Uncovering the 'Retablo of Ciudad Rodrigo'

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Brian Ganter

A gallery view of the "Retablo of Ciudad Rodrigo" art exhibit at the UA Museum of Art. This art exhibit has been on permanent display since the 1960s after it was donated by Samuel H. Kress.

On the second floor of the UA Museum of Art stands a fragile piece of Spanish history that has survived war, natural disaster and time itself. The retablo, or altarpiece, of Ciudad Rodrigo consists of several panels depicting religious Catholic artwork created from oil paint on wood.

The retablo was created in Ciudad Rodrigo in the province of Salamanca, Spain amidst the Spanish Renaissance, and has endured about 530 years of change. Between the years 1480 and 1488, Fernando Gallego and Maestro Bartolomé created the retablo in their workshops.

History conserved in artistry

In 1492, the Spanish expelled Muslim and Jewish people from the country. The retablo was seen as a representation of Catholicism, according to UAMA curator Olivia Miller. 

The Hispano-Flemish style paintings tell the story of Jesus, starting with the creation of the universe and ending with the last judgment.

Miller said the retablo originally would have been framed with panels stacking together, but only 26 panels survived. The rest of the panels’ whereabouts remain a mystery. Miller believes there could have been at least 30 or more panels total with the altarpiece that would have only been displayed on special occasions.

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“In the 19th century when the Napoleonic wars were happening, that church was used as a lookout tower, and so it was bombed a lot,” Miller said. “So, one of our panels actually does still have a hole in it from one of those artillery.”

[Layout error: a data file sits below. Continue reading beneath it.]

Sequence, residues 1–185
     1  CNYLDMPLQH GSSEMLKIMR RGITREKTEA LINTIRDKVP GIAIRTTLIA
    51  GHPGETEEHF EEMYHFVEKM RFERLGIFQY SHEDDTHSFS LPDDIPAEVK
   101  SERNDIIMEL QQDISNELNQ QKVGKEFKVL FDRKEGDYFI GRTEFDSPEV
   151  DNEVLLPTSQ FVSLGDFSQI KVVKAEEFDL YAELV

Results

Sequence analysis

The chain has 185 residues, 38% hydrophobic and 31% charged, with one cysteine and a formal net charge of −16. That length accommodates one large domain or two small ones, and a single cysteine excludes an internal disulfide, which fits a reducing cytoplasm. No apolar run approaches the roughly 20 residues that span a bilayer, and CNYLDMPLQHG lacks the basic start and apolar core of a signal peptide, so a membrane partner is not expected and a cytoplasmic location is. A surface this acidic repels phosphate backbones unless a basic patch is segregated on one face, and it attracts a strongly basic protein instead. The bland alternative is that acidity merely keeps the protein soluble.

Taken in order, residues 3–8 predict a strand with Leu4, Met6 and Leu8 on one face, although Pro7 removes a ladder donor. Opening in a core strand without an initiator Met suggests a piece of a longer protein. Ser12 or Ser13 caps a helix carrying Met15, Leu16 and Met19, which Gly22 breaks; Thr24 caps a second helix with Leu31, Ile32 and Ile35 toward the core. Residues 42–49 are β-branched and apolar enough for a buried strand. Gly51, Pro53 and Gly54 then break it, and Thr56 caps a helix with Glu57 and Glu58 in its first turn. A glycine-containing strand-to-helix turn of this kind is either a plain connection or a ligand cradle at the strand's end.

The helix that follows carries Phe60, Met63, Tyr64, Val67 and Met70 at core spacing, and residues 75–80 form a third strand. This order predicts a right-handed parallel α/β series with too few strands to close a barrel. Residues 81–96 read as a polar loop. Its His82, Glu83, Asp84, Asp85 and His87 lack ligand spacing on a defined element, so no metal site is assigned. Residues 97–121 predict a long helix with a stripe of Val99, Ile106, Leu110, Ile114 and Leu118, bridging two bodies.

The retablo was donated as part of the Samuel H. Kress Collection in the early 1960s and it has lived in the museum since then.

Kress was a teacher who decided to open a unique “five and dime” store where all items cost five or ten cents. Eventually, he opened these S.H. Kress & Company stores nationwide. With his newfound wealth he collected artwork. 

When Kress’ health began to decline he decided to give away his entire collection; most of it went to the National Gallery of Art in Washington D.C. 

Astoundingly, the UAMA has a large portion of Kress’ collection because his sister-in-law was a UA alumna. Miller was told that the UA received the retablo because of Arizona’s connections to Mexico and Spain.

“What I think is always really interesting is to come to the museum and look at our altarpiece, and then go to San Xavier Mission and look at their altarpiece and kind of compare it and see how these cultures have blended,” Miller said.

Although it derives from religious significance, being Catholic is not a requirement to appreciate the artistic merits of the retablo. 

“Even if you’re not interested in the subject matter, you can look at fifteenth century fashion,” Miller said. “All the figures are dressed in the clothes that people would have worn when the artists were making the paintings.”

Modern technology provides insight to artistic methods

There are two infrared reflector graphs on display at the UAMA. They are similar to x-rays and their function is to allow people to see the drawings underneath the painting. Miller said people can see where the artist changed their mind, or drew an outline. 

According to Miller, carpenters and painters also contributed to the creation of the retablo. Through infrared technology, people can see Gallego’s handwriting underneath the painting where he left color notations for his assistants. 

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These important pieces of artwork are preserved in a 72-degree, 45% humidity temperature-controlled room.

A lot of visitors come to see the altarpiece after watching “Secrets of the Divine: The Altarpiece of Ciudad Rodrigo”, an Arizona Public Media documentary about the retablo. Although most artwork cycles through the museum, the retablo remains on permanent display.

The UAMA is located next to the Marroney Theatre on Speedway Boulevard and Park Avenue. Admission is free with a CatCard, $8 for general admission and $6.50 for seniors 65 and over. 

The museum is open everyday of the week. For museum hours and parking information visit their website.


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